Stephen Hunt: Big-spending Klopp under pressure to compete with City
If hurling has owned the summer then there is the temptation to claim that the Premier League is back this week to take its place as sport's number one attraction. Some of us can sit back and enjoy all sports.
I know Ken McGrath is a fellow county man, and I know how much his sport means to him, but his comments last week are at the heart of the problem with Irish sport. Why can't we all just get along? Why do we have to choose one over the other?
It has been a great summer of sport. We had a brilliant World Cup - sadly without Ireland, our ladies' hockey side have deservedly enjoyed the limelight and of course the hurling championship has been absolutely sensational. Last weekend's games were amazing and gripped the nation.
I don't understand why some people believe that one sport has to be better than another in Ireland. It's a mentality that puzzles me. It is at the heart of the problem in this country and this is why we had the ugly back-drop and unnecessary tension around the Liam Miller testimonial match.
I am looking forward to the start of the new Premier League season as much as I am looking forward to the climax of an epic GAA season.
One man who does not look full of eager anticipation for the start of a new campaign is Jose Mourinho. But if he is so unhappy why doesn't he just walk away from Manchester United? I am certain that most of the sullen grumpiness we have seen on their pre-season tour of the United States is for show. I am just not certain anybody is really bothered anymore.
Mourinho is still a master tactician and when he gets his team right, he remains one of the most difficult managers in the world to beat. But the game has moved on. He was appointed at the same time as Pep Guardiola. Look at the signings they have made since. Look at the gulf between them - 19 points separated their clubs at the end of last season.
No one is asking Mourinho to be like Jurgen Klopp every day and put on a false persona for the fans and smile all the time. But he is not doing himself or Manchester United any favours with his behaviour. The eve of a new season is a time when we expect everyone to be optimistic and full of enthusiasm. Mourinho just looks miserable.
He has been moaning about the lack of signings, despite spending more than £300m since he arrived at Old Trafford three years ago, and he has been urging certain players to curtail their summer holidays to prepare for the new season. Some have returned - but let's face it, Phil Jones needs all the help he can get and, like Marcus Rashford, he hardly played at the World Cup.
The dig was clearly aimed at Paul Pogba. Pogba's performances at the World Cup demonstrated he can be a world-class footballer but, for whatever reason, Mourinho doesn't rate him or can't accommodate him in his team and get the best out of him regularly. I can't see Pogba cutting his holidays short. And I can't see Mourinho lasting the season.
One of the major problems, of course, is the resurgence of their noisy neighbours, Manchester City. And it is hard not to see the champions going from strength to strength under Guardiola this season.
With his sheer presence and reputation, the demands he obviously places on his players all the time and the money he has available to strengthen a team which ran away with the title last season, Guardiola will have his eye on the big prize again.
The rest of the top six have to try to bridge an enormous gap, although I expect City to have a sluggish start as their players return late after their exertions in Russia. Of course, this is going to be an issue for a lot of teams, and those with smaller squads will be hit hard. Leicester City, for example, who will kick off the new season at Old Trafford on Friday night, had 10 players on World Cup duty.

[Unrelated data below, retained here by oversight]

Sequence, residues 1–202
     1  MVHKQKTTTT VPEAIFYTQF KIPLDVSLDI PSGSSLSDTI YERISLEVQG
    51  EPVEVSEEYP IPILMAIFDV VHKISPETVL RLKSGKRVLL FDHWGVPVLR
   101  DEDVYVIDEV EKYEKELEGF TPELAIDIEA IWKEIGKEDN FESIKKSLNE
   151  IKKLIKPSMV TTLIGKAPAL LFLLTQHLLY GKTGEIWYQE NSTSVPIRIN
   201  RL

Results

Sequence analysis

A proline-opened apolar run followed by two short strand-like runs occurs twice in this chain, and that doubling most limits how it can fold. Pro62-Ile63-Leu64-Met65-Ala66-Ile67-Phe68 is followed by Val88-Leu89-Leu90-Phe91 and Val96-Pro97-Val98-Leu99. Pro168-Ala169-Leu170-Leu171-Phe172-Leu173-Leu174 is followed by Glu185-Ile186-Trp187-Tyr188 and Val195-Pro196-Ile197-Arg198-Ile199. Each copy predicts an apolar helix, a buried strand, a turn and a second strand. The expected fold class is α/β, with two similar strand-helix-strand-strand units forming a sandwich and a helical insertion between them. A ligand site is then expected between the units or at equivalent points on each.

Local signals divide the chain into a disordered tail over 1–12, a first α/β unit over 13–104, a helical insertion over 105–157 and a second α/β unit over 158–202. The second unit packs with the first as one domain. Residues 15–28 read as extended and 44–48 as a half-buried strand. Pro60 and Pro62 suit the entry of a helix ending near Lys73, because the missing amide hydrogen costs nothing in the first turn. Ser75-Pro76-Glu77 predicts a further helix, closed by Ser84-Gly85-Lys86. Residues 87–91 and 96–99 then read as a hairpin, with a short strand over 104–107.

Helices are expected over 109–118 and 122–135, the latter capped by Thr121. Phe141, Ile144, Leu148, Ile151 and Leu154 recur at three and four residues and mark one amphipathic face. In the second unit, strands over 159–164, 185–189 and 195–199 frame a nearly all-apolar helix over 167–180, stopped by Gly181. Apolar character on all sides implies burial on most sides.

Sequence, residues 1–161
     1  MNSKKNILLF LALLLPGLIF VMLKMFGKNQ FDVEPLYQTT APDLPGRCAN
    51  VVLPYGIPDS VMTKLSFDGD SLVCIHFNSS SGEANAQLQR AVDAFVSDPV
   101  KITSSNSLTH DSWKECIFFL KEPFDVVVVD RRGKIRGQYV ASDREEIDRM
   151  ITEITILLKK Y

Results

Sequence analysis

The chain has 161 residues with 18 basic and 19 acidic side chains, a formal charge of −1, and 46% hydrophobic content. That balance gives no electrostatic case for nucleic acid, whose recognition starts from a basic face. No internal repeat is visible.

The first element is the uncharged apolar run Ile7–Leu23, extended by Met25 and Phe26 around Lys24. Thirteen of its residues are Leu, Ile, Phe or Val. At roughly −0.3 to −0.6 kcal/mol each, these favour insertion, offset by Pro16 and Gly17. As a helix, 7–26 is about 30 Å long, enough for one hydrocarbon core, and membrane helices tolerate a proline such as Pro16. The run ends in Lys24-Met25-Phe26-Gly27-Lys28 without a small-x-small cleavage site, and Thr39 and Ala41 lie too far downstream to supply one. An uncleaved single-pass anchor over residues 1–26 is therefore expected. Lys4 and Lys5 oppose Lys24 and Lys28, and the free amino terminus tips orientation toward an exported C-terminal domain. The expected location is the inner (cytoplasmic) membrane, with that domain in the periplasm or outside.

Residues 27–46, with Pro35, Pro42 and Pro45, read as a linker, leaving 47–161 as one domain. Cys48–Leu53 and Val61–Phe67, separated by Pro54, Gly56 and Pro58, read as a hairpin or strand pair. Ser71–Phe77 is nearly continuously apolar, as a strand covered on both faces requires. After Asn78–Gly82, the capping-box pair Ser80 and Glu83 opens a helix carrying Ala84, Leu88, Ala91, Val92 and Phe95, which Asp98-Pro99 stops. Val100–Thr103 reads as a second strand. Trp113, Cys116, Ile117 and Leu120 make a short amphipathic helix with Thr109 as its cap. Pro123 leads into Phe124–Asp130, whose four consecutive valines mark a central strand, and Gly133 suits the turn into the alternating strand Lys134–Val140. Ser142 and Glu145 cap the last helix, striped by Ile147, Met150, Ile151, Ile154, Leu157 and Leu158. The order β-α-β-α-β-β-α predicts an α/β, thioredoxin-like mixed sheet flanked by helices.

Chelsea were clearly not happy with Antonio Conte last season, even though he had just won the Premier League title in his first year, and it will be interesting to see what impact Maurizio Sarri makes at Stamford Bridge.
But Sarri's fate could be decided by the transfer window. What are his chances of competing for the title if Eden Hazard leaves Chelsea? Can they replace him in the time remaining?
Tottenham have also been slow in the summer transfer market (again) and it could prove difficult to remain ahead of Arsenal, and the rest of London, with the move to their new stadium to fund and players like Harry Kane and Dele Alli certain to be jaded after their summer adventures.
They do have a very good record in the transfer market, though. Look at the performances of Kieran Trippier in Russia. You'd be a fool to write Mauricio Pochettino's team off, but Spurs certainly enjoy making life difficult for themselves.
As for Arsenal, it would not surprise me if they are top and unbeaten at the end of October. The players will enjoy working with a new manager and taking a different approach. I expect to see a very different Arsenal - aggressive, well organised, more robust and able to handle the games against the big boys.
And then lastly, of the title contenders and hopefuls, there is Liverpool. Will this finally be their season and can they lift the Premier League trophy for the first time?
There has certainly been a great deal of euphoria among Liverpool fans after their summer business, particularly over the purchase of Brazilian goalkeeper Alisson. Their cruel treatment of Loris Karius is very unedifying but seems typical of the way some modern-day fans and keyboard warriors want to interact on social media. Alisson will be under pressure to perform and he can look forward to any mistakes he makes being scrutinised and criticised. And that's just from Liverpool supporters!
It piles the pressure on Klopp too. He has spent more than £250m to compete with Manchester City and win the league at last. Still, whether he succeeds or fails, at least we know he will be smiling.
Sunday Indo Sport